Arguably one of the most definitive American actors of all time, Dennis Quaid has been working steadily for over 40 years. In turn, the Texas native has been recognized by the Screen Actors Guild, Golden Globe Awards, Independent Spirit Awards, New York Film Critics Circle, the Chicago Film Critics Association and plenty of other movie industry influencers with "best actor" nominations and/or awards over the years.
Beyond his success within television and film, Dennis Quaid also has a following within the musical world. As the leader of Dennis Quaid & The Sharks, Quaid has a new album coming out on November 30th via Omnivore Recordings titled Out Of The Box. While Out Of The Box is first full-length release from Quaid and the Sharks -- whose members have worked with the likes of Harry Dean Stanton, Tina Turner, Joe Cocker, Supertramp, Jose Feliciano, and America -- the group has regularly toured over the past 18 years.
I had the pleasure of speaking with Dennis Quaid -- a man who has not only appeared in a lot of sports-related movies, but was also once called "the top golfer among the 'Hollywood set' by Golf Digest magazine -- about Out Of The Box and his history with sports. Below are a few minutes from that chat, which will be part of a future edition of the Paltrocast With Darren Paltrowitz podcast, as co-produced with PureGrainAudio.com.
In the meantime, more on all things Dennis Quaid & The Sharks can be found online at www.dennisquaidandthesharks.com.
Your new album is Out Of The Box. How long did you spend making it?
Dennis Quaid: I'd say it was over 6 or 7-month period that we were doing basic tracks. It was May of 2017 through December.
Did you know outright it was going to be a mix of originals and covers?
Dennis Quaid: Yes, I did. A few of them I wrote during the making of the album, but most of them were written before and we did 25 tracks and came up what we think was the best 13 for the album.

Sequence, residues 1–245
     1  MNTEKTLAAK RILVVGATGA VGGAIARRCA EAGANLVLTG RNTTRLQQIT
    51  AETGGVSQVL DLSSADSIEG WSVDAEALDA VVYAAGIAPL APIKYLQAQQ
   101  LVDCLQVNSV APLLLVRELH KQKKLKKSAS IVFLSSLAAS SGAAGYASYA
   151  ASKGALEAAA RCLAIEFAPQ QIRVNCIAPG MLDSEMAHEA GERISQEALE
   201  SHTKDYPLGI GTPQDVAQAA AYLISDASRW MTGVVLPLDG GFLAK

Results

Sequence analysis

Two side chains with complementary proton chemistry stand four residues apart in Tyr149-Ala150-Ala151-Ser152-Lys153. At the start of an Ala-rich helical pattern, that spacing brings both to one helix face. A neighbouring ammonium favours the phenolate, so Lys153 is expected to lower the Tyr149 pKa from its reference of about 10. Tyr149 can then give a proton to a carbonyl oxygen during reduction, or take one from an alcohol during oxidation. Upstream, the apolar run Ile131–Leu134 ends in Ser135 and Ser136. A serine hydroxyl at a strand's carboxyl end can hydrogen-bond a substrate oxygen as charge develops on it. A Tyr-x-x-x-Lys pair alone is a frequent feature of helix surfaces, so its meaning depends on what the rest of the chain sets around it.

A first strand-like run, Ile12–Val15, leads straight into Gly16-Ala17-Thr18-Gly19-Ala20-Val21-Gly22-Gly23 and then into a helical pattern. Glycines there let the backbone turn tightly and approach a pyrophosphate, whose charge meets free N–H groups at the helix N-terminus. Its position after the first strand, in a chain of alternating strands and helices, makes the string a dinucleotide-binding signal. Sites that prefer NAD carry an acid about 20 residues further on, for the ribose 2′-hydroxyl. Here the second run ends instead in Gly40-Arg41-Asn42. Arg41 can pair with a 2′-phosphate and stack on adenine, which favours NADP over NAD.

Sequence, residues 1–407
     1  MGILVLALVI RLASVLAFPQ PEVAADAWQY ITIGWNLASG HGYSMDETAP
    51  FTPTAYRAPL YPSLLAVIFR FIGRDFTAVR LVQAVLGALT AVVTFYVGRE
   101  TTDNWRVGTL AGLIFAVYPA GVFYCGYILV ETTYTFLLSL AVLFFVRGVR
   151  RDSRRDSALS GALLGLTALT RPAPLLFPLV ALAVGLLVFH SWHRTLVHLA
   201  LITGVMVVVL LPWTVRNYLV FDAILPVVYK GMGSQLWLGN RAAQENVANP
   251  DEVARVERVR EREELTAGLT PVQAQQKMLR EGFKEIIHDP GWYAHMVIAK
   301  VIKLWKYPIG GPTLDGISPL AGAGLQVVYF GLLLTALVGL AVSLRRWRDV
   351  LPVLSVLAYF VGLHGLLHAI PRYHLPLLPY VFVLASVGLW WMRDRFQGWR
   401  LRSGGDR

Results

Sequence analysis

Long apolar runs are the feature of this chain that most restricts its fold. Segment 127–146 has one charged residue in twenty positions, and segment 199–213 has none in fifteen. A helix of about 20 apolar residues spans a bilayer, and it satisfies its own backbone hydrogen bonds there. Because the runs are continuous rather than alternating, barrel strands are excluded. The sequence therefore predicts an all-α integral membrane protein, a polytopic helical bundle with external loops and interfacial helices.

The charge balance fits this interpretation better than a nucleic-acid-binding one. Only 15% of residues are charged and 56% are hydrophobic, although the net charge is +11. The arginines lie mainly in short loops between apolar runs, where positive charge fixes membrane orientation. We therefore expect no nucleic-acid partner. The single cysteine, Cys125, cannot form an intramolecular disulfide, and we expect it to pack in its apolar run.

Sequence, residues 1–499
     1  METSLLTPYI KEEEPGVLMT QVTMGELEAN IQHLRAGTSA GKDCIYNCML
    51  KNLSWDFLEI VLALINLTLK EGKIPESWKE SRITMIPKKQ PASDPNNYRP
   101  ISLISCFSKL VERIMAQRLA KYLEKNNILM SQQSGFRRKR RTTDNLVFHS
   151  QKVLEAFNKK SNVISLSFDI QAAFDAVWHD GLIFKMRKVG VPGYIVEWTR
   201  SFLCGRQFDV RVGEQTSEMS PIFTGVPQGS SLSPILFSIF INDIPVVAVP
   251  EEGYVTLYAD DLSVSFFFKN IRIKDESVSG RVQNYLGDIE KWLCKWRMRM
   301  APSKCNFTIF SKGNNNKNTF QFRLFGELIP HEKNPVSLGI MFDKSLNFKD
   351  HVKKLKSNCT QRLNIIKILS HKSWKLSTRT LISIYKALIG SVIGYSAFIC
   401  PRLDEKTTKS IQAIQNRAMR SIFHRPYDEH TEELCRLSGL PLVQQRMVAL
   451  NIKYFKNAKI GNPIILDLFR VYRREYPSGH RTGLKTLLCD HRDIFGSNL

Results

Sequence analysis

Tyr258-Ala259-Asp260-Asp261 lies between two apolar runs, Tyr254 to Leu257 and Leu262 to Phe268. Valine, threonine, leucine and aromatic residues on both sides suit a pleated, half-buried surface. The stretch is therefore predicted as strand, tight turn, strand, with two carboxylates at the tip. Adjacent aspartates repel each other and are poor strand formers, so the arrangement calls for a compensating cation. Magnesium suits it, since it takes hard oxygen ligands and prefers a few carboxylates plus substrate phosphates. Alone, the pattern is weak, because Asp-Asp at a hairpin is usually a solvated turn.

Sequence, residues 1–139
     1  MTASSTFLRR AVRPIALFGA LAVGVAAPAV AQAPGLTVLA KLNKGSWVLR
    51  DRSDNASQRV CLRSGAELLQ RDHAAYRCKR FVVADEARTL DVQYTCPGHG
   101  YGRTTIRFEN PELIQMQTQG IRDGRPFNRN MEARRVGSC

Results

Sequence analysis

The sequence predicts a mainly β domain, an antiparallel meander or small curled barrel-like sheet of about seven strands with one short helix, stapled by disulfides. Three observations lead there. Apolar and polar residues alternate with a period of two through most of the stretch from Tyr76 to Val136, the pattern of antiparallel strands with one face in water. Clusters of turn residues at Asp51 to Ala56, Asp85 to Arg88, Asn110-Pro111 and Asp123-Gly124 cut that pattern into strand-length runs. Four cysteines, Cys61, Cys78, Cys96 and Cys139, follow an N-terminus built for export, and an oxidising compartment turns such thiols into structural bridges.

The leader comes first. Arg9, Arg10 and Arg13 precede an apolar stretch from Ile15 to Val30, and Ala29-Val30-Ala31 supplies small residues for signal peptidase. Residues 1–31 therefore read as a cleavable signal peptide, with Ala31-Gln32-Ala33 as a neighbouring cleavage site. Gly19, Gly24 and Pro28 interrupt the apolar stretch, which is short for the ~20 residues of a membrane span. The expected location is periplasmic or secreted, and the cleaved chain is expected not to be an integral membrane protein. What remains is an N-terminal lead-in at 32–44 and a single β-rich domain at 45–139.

Do you remember which song you wrote first?
Dennis Quaid: I think the first was probably the first song. Actually, it was "Good Man, Bad Boy." It was written in 1988. I wrote that because... Booker T. Lowery was an old black blues piano player was doing some of the music for Great Balls Of Fire and actually lived with me for about 3 months. I kind of studied him. He was one of the best players I've ever been around, in spite of the fact that he was missing a finger on his left hand.
I believe you've done more roles in sports movies than anyone else. Is that by design? Or were you originally an athlete?
Dennis Quaid: I was not an athlete. I was too small to be too small for the football team. Of course you try out, it's a rite of passage in Texas, and that's how I wound up in the drama world, actually. (laughs)
But yeah, I've done a lot of sports movies. I think there's a couple of other guys who've probably done more sports movies than me. (laughs) But I've done quite a few, playing coach in football and baseball...
I believe football quarterback and bike-racing as well...
Dennis Quaid: Yeah, that's right, in Breaking Away, although I wasn't the guy doing that. I'm a cyclist now. I was a runner back then.
I've also read that you are a Houston Astros fan. Is that just a product of growing up in Texas?
Dennis Quaid: Absolutely. I was an Astros fan when they were the [Houston] Colt 45s, before they turned into the Astros, the Astrodome and all that stuff. So you know it was a lot of pain for a lot of years, but finally, they got a great team.
The best team with the lowest payroll, is it?
Dennis Quaid: I would guess so, that sounds like Houston. (laughs) The same way it was with the [Houston] Oilers. (laughs)
The Warren Moon era, sure.
Dennis Quaid: Yeah, I was a big Oilers fan, until that game with Buffalo. (laughs)